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West students work the polls on election day

A handful of West Lincoln High School students spent election day right in the thick of things.
“Politics have always been interesting to me, and I wanted to see how it all worked,” said Valerie Site, a senior at the high school.
Site and six fellow students spent their day off from school working the polls. The students handed out pens, translated and explained ballots.
“They were wonderful,” said Jane Carswell, an election judge. “We enjoyed them so today. Hopefully we’ll get them back.”
All the students participating on election day were at least 17 years old and were recommended by staff.
This was the first year it was legal for them to participate, and they were always the youngest ones at a voting site.
They hoped to prove that not all teenagers are apathetic when it comes to politics, despite some people’s preconceptions.
“They think we don’t understand what’s going on, that we’re too young to have a say so,” said Lindsey Houser, a senior.
When being trained for their new jobs, the students were surrounded by retirees.
“I think they were definitely surprised,” said Zach Quickel, a senior at the school. “Older people really don’t think we care about what’s going on, but us being there shows we do care.”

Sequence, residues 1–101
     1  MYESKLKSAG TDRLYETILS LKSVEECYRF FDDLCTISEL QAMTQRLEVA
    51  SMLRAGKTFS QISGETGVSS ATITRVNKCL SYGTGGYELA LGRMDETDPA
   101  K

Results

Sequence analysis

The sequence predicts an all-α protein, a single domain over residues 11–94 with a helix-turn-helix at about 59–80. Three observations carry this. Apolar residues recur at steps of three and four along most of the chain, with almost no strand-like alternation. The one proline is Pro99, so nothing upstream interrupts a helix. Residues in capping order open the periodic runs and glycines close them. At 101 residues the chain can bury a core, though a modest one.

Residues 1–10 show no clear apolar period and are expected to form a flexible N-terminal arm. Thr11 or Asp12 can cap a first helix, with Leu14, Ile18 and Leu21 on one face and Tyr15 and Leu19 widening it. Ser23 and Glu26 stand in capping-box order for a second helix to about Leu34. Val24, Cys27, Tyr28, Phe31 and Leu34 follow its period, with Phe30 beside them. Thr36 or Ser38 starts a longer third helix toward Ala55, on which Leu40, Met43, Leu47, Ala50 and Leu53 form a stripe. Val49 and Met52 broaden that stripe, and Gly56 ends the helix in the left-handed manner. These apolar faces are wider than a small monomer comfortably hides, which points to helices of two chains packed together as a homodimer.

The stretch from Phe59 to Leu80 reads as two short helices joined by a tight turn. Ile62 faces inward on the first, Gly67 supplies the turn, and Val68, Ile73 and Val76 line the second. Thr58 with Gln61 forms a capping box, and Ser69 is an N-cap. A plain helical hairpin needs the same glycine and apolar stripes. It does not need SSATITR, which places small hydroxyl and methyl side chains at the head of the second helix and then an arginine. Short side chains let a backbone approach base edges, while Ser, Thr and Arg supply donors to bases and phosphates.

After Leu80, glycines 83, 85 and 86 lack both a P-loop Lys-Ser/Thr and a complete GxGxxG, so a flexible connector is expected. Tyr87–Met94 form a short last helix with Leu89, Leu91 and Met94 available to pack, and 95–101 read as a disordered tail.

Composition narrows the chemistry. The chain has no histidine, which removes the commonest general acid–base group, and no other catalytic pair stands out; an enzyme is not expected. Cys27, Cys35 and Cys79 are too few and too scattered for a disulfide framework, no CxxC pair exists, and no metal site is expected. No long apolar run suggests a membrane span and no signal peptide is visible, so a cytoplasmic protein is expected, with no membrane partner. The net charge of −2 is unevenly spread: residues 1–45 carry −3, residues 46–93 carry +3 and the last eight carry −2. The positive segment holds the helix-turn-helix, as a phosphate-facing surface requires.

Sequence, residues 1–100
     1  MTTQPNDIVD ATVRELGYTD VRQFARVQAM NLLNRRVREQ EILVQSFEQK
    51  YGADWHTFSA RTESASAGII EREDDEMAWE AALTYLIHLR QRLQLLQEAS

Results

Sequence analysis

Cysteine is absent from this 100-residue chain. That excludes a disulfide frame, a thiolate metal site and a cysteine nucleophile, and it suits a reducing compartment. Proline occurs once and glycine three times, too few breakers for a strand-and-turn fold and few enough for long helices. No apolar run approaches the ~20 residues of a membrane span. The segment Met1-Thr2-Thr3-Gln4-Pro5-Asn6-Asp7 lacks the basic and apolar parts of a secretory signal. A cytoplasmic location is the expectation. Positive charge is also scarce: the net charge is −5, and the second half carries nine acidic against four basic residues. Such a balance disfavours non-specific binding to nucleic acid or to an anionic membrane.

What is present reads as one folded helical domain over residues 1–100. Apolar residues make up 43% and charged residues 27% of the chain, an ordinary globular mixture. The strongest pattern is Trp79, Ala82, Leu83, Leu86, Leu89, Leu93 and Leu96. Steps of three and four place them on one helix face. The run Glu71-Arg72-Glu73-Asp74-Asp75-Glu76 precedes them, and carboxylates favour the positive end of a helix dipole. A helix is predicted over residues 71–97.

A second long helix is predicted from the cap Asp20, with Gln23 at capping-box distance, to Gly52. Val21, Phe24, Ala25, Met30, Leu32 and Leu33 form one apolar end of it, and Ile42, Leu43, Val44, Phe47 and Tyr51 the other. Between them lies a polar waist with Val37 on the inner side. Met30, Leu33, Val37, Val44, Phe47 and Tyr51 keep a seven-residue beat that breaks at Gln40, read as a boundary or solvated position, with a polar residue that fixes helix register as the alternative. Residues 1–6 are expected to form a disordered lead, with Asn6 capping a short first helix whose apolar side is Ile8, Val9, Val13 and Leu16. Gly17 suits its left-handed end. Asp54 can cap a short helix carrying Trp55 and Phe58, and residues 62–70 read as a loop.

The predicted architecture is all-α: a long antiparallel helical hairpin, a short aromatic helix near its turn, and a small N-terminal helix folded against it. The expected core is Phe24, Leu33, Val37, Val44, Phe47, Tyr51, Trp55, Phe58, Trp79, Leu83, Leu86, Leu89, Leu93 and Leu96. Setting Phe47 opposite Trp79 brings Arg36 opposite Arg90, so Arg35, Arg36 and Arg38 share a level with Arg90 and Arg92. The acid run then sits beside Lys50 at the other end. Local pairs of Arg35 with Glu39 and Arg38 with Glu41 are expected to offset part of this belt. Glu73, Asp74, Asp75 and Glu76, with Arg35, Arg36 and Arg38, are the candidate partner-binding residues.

The students were surprised themselves when they learned that they would be paid for their services.
“They’re all so thrilled,” said Beverly Gantt, West Lincoln High School’s counseling assistant.
After a 12 hour day at the polls, however, that enthusiasm had gradually turned to exhaustion.
“I’m tired,” said Marina Cerda, a student who arrived at her polling location at 7 a.m.
Marina spent the day handing out pens and helping with translation.
“It’s something new, something I never did before,” she said.
Lindsey did double duty on election day, both helping with the campaign and voting for the first time.
“I want to vote because I want to support our troops and everything,” she said.
Lindsey voted Republican, but some of her fellow students were supporting Kerry. Either way, the teenagers had a strong opinion.
They admitted, however, that not all their peers shared a passion for politics.
“It just depends really,” said Roxie Judd, a senior. “I care. Some people, they just go through life not caring.”
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Staff Writer Sarah Grano can be reached at 704-735-3031 or sgrano@ltnews.com.by Sarah Grano

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